Delivered by Rosalind in the comedy As You Like It, this is one of Shakespeare’s famous monologues for women. Rosalind and her cousin Celia have been banished by their uncle, the duke. They hide out in the forest, Rosalind disguised as a man “Ganymede”. She finds out that Orlando, the love of her life, is also hiding in the forest.
In this scene, “Ganymede” is waiting for Orlando, who is running late. While waiting, Rosalind and her cousin witness a man trying to woo a shepherdess who does not love him in return. Rosalind jumps into the fray and delivers this speech.
Though You Have No Beauty
Act 3. Scene 5.
And why, I pray you? Who might be your mother,
That you insult, exult, and all at once,
Over the wretched? What though you have no beauty—
As, by my faith, I see no more in you
Than without candle may go dark to bed—
Must you be therefore proud and pitiless?
Why, what means this? Why do you look on me?
I see no more in you than in the ordinary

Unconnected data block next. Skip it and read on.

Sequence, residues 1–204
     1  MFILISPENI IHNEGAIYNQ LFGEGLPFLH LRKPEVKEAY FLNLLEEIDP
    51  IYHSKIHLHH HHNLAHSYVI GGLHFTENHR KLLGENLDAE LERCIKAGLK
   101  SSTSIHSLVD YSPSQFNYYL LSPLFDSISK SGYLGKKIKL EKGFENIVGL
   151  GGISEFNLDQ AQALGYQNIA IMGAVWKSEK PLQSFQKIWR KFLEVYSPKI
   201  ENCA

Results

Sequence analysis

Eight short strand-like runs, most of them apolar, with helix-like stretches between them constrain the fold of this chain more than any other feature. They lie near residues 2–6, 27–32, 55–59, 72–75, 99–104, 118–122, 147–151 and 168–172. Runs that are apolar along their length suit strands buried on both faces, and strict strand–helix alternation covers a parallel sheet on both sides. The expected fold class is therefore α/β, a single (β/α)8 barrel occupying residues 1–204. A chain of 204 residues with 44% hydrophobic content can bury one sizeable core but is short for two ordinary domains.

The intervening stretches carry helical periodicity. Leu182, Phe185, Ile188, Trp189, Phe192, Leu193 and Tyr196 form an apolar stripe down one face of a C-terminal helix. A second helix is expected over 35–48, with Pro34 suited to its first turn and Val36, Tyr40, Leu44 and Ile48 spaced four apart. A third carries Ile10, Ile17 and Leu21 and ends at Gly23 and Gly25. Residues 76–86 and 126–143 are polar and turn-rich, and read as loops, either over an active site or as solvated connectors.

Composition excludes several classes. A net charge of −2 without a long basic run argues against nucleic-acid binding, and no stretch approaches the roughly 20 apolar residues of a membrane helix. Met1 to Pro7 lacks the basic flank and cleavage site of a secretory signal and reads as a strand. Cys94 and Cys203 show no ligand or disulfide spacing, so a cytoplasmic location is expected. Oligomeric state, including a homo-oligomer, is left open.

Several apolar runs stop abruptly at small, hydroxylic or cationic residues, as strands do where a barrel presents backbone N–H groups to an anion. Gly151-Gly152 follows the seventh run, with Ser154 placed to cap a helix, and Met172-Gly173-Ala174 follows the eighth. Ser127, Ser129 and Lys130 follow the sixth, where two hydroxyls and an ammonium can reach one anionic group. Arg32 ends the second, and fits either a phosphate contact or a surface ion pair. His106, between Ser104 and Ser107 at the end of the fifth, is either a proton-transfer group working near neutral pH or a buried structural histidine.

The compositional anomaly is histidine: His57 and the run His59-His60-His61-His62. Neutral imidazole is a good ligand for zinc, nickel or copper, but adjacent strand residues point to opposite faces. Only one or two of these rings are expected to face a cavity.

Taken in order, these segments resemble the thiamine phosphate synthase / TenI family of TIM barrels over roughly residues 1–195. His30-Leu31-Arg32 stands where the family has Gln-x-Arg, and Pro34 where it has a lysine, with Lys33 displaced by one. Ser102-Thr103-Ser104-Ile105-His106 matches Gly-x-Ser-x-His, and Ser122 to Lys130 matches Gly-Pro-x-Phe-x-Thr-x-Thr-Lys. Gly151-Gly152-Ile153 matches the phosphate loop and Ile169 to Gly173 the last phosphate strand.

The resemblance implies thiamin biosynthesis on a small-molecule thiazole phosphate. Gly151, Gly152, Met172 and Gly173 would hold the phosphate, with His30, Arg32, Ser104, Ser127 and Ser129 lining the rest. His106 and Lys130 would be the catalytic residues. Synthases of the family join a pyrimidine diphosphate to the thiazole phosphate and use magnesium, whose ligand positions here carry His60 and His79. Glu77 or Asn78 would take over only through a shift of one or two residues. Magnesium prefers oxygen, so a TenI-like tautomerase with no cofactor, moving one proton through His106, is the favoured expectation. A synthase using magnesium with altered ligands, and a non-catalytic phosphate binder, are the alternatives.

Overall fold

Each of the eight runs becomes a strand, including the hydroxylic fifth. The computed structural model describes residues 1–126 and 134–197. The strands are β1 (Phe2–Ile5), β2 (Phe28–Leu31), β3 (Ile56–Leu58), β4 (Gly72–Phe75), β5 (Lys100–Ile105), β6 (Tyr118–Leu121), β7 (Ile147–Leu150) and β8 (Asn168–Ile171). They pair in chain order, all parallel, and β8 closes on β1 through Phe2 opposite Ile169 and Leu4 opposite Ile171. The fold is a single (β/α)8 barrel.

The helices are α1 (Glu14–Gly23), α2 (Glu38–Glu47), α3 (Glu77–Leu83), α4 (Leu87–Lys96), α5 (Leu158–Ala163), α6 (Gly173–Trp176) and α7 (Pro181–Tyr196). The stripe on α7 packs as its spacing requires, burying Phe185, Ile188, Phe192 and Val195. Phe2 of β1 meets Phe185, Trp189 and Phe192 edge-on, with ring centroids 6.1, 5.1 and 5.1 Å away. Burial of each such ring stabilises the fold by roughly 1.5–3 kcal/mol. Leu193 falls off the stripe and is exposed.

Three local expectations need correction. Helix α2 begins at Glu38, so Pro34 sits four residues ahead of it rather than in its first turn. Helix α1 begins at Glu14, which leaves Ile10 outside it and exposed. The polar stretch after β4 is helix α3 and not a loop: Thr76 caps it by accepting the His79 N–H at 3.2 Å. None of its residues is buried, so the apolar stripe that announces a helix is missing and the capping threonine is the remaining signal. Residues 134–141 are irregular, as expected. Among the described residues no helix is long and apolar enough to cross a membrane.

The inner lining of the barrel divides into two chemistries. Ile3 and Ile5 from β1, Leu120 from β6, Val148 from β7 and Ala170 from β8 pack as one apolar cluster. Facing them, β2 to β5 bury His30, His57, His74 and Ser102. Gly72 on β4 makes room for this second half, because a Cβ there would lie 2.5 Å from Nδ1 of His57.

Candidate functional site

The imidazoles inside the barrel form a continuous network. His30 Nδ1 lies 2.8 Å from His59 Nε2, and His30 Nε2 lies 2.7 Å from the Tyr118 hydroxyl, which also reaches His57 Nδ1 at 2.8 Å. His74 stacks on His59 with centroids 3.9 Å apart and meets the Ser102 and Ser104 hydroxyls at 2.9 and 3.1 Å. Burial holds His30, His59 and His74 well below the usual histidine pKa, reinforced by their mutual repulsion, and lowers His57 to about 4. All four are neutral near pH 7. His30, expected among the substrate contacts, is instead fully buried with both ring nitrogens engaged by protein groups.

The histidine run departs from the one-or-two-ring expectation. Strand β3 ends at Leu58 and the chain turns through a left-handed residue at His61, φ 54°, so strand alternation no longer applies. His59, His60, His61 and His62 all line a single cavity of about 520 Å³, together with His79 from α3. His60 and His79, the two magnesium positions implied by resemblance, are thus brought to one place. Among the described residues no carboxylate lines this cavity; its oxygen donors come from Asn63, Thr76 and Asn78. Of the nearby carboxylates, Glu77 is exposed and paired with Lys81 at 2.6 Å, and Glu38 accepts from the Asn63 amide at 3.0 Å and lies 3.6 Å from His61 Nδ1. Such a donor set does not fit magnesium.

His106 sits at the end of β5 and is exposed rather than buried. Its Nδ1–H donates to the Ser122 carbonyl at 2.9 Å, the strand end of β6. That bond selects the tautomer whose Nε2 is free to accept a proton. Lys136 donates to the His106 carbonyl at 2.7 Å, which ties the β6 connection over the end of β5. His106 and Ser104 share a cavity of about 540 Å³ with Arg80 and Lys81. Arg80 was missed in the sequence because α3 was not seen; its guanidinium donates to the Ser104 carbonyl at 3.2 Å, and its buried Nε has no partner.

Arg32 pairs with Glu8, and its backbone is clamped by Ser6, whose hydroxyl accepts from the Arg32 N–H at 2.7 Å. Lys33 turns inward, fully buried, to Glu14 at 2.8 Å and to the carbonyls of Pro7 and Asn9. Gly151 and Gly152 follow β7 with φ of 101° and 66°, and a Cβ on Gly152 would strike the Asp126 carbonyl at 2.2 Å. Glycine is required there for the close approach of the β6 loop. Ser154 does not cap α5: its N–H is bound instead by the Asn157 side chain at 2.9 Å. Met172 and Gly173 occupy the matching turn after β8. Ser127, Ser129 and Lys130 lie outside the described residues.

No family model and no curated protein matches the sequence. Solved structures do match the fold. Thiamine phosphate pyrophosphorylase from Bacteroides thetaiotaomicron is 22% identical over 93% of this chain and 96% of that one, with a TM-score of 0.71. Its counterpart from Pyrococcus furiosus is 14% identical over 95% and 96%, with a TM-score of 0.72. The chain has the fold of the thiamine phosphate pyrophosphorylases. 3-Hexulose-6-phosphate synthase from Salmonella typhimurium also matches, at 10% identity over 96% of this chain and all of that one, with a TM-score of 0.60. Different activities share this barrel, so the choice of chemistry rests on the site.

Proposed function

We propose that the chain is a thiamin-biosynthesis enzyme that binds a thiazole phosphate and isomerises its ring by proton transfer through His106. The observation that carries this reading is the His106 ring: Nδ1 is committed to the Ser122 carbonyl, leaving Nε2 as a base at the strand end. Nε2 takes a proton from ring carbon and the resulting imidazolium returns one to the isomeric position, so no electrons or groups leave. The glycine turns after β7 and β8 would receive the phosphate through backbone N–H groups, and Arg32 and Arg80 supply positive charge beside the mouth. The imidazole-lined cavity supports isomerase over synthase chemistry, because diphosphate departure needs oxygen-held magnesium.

Of Nature’s sale-work. ‘Od’s my little life,
I think she means to tangle my eyes too!
No, faith, proud mistress, hope not after it.
’Tis not your inky brows, your black silk hair,
Your bugle eyeballs, nor your cheek of cream
That can entame my spirits to your worship.
You foolish shepherd, wherefore do you follow her,
Like foggy South, puffing with wind and rain?
You are a thousand times a properer man
Than she a woman. ’Tis such fools as you
That makes the world full of ill-favored children.
’Tis not her glass but you that flatters her,
And out of you she sees herself more proper
Than any of her lineaments can show her.
But, mistress, know yourself. Down on your knees,
And thank Heaven, fasting, for a good man’s love;
For I must tell you friendly in your ear,
Sell when you can—you are not for all markets.
Cry the man mercy, love him, take his offer;
Foul is most foul, being foul to be a scoffer.
So take her to thee, shepherd. Fare you well.